Kristina enjoys trying new foods, growing her own food, experimenting with recipes, and cooking healthy meals for her family.
It's the end of summer, grapes are dripping off of the vines in the Midwest, and I was lucky enough to actually pick some this year. I've always wanted vines of my own, and for the past few years, my husband and I had one growing in our backyard. The grapevine would stretch along the fence, start producing tons of juicy-looking grapes—green, then purple and gorgeous—and then all of a sudden, they would shrivel up and turn brown, like dry little raisins. It was so disappointing. After a few years of this happening, we decided to pull the vine and start over when we had more space and knowledge of how to maintain a thriving vine.
As it turns out, my neighbor also has a vine (one that actually produces amazing grapes), and one day he told me to pick as many as I wanted. The neighbors weren't planning to use any, so it was me vs. the birds. I didn't hesitate! My four-year-old son and I went over and picked a huge bowl. We were even nice enough to leave some for our feathered friends.
Then it was time to figure out to do with all of the grapes! There's always the good old standby, making jelly, but I wanted to try something different. My husband and I ended up fermenting a small batch of wine, then I baked two whole-wheat harvest grape cakes, and the rest went to make grape juice for the Moscato wine slushy featured here.
I served this slushy at a small family gathering, and it won over the crowd (especially my mom). Best part? It's a super easy recipe, and the fresh grapes may even offer some health benefits. According to the Mayo Clinic, "Grapes are rich in health-protecting antioxidants, including resveratrol and flavonoids." So if my late-summer wine slushy offers a few health benefits in addition to being tasty, I'll take it!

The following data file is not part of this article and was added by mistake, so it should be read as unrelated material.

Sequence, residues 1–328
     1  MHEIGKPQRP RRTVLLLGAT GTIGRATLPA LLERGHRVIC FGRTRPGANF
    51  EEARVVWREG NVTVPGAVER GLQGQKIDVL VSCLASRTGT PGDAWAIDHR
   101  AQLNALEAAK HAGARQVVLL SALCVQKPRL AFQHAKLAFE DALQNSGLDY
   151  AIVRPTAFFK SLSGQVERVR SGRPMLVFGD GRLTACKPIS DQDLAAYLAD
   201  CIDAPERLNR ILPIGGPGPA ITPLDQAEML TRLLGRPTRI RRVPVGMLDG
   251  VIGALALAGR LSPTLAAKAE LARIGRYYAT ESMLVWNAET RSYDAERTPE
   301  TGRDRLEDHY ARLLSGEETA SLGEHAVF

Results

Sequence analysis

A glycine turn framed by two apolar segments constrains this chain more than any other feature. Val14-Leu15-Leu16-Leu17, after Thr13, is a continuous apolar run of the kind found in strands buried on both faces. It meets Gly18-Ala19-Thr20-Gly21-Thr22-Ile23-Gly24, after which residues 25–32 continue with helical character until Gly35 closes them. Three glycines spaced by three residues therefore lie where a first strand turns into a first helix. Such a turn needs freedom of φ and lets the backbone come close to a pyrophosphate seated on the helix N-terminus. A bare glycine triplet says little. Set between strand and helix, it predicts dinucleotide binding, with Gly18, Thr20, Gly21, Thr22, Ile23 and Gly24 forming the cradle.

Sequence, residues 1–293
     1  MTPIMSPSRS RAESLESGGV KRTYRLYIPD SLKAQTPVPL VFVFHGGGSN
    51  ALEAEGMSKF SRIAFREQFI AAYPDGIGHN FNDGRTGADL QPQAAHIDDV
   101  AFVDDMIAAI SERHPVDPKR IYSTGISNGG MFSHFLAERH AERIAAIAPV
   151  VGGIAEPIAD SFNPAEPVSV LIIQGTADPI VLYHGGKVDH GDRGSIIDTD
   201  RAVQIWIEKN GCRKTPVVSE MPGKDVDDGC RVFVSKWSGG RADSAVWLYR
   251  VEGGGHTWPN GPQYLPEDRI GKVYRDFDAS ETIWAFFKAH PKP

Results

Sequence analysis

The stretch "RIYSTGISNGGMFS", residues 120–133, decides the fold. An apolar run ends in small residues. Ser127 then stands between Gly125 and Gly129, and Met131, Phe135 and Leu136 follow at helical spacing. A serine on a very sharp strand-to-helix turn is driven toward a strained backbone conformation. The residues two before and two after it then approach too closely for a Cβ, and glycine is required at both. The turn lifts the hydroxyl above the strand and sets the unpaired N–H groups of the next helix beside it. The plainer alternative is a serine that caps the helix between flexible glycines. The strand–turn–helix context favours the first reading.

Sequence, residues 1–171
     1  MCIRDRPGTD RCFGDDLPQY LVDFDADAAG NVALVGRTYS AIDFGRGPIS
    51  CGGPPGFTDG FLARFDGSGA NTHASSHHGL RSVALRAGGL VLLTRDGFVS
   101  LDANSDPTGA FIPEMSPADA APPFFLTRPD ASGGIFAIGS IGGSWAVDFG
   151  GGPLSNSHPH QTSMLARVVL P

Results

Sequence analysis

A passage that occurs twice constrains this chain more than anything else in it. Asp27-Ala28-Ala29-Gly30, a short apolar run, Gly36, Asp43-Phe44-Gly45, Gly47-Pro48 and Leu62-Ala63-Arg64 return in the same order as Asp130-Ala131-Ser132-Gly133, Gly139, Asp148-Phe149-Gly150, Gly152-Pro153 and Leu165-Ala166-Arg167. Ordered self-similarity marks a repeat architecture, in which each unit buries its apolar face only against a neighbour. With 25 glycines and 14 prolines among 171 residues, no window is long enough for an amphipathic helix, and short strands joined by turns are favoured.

As with any alcoholic beverage, please drink safely and responsibly.
|Prep time||Ready in||Yields|
8 hours 30 min
8 hours 30 min
3.5 cups, serves 7 people (1/2 cup each)
- 2 cups grape juice
- 1.5 cups moscato wine
- 2 tablespoons sugar
- Wash the harvested grapes.
- Make fresh grape juice. Place whole grapes into a saucepan. Mash with a potato masher to release the juices. Simmer over low heat for approximately 10 minutes, stirring occasionally. Let cool and strain through a piece of cheesecloth into a bowl. Squeeze out as much juice as you can!
- In a bowl, combine fresh juice with your favorite Moscato wine.
- Add sugar and stir until the sugar crystals are dissolved.
- In a freezer-safe container, put in the freezer. I let mine freeze overnight.
- A few minutes before you're ready to serve, take out of the freezer. Using a metal spoon, scrape the top of the slushy and scoop into a glass. Enjoy!
Step 1: Make the Juice
The first step in this simple recipe is to make fresh grape juice. Wash your harvested grapes and put them into a saucepan. Use only the best looking grapes. You can press as much juice as you want, but I only used two cups of juice for the slushy recipe (about 3-4 cups of whole grapes). If you make extra, you'll have some fresh juice for breakfast!
Mash the whole grapes with a potato masher to release the juices. Simmer over low heat for approximately 10 minutes, stirring occasionally. Let cool and strain through a piece of cheesecloth, into a bowl.
Note: Be careful not to splatter, as grape juice will stain fabric!
Step 2: Just Add Wine (and Sugar)
In a bowl, add 1.5 cups of your favorite Moscato wine to the fresh grape juice. Stir in 2 tablespoons sugar and stir thoroughly until the sugar crystals dissolve.
Step 3: Freeze and Serve
In a freezer-safe container, freeze the mixture. I froze mine overnight. When you are ready to serve, remove the mixture from the freezer a few minutes ahead of time. Scrape the slushy with a metal spoon and scoop into a glass. Serve and enjoy!
This is best served on a patio while relaxing in a deck chair, watching the sunset as the warm summer breeze drifts by (in my humble opinion).
Kristina Hearn (author) from Iowa on September 17, 2018:
Thanks for your comment Nilza! I think it would totally work with grapes from the store (or even already-made grape juice!) I think I'll also try it this way when I don't have any to harvest. Have a great day!
Nilza Marie Santana-Castillo from Atlanta on September 15, 2018:
This sounds delicious! Unfortunately, I have no grapes to harvest here in Los Angeles, haha but I can definitely buy some to try it out.